A recent survey by Commonsense Media found that about half of teenagers feel addicted to their cellphones, and even more of their parents agree.
But it’s not just mobile devices. The sheer number and variety of ways to communicate and share digitally are both vexing and sobering for parents, particularly if they have tweens and teens. And parents are rightly concerned about the possibilities of missteps in the internet age: embarrassing messages and posts kept alive forever, predators and identity thieves, even the threat of criminal prosecution for youthful mistakes.
Our children are comfortable exploring the new digital world. And unlike other aspects of a kid’s developmental trajectory, the challenges of the digital age aren’t something that parents today necessarily had to navigate in their adolescence.
This leads to a lot of confusion, and I am often consulted on the best way to deal with challenging situations involving the internet and social media. My first and most important suggestion is this: if you think something is alarming, slow down, step back, and try to understand the context. The internet isn’t going away, and our children need to learn to live with it safely and healthily. Compromise and cooperation are the key words here.
A parent might notice, for example, that their teenager spends a lot of time messaging with friends, including frequent use of aggressive or insulting language toward others. Another might discover pictures on their teen’s phone of them in their underwear or in suggestive poses. Or a parent who shares a tablet with their teen notices that the internet history includes searches related to sexual content or pornographic websites.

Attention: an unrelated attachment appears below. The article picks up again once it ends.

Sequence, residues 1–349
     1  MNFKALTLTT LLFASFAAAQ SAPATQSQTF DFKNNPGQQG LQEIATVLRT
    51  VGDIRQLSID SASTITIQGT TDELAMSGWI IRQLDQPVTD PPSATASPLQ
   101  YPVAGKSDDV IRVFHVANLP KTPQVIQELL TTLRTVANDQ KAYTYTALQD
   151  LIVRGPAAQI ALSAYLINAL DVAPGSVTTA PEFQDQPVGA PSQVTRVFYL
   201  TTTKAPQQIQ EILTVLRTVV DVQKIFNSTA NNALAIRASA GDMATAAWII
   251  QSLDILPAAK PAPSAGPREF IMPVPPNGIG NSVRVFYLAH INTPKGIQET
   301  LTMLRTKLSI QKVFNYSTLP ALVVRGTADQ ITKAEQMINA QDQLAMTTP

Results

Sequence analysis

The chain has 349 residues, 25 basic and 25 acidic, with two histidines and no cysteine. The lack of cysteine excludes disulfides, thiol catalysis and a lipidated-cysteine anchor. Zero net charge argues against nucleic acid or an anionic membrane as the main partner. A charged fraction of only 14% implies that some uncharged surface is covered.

It’s normal for these kinds of situations to lead to a high level of concern for parents. But we want to try to avoid angry confrontations or extreme punishments (like trying to limit the teen’s access to technology/social media for months or years) if we can help it. That’s because young people need to learn how to navigate the online world so they can reap the benefits and avoid or address the above scenarios on their own in the future. And it’s good to have a helpful, understanding parent in their corner while they learn—not caregivers they are trying to outfox.
It’s helpful to realize that the situations outlined above are often ones that teens themselves are confused about how to navigate, especially with the pressures that come with adolescence. For all the media attention to the negative influences of the internet and social media, research shows that most kids are using technology for the same reasons that adults are. They want to make new social connections, maintain high-quality relationships with friends and family members, and have access to information or interactions with others who share their interests.
However, they can still be eager, sometimes impulsive teenagers, easily led into making mistakes. While it’s undeniable that problematic and addictive media use is a reality, many of the issues that alarm parents and cause them to confront their teenagers may be more similar to real world challenges that teens face rather than symptoms of a new media apocalypse. Just as with drugs, alcohol and sexual activity, the digital world offers pitfalls teens have to learn to avoid. We do well to develop relationships so that we can teach teens how to navigate these challenges, rather than reacting angrily or hoping we can completely shelter them from the digital world.
So, what can parents do before the punitive spirit takes hold, ultimately helping their teens and the parent-child relationship?
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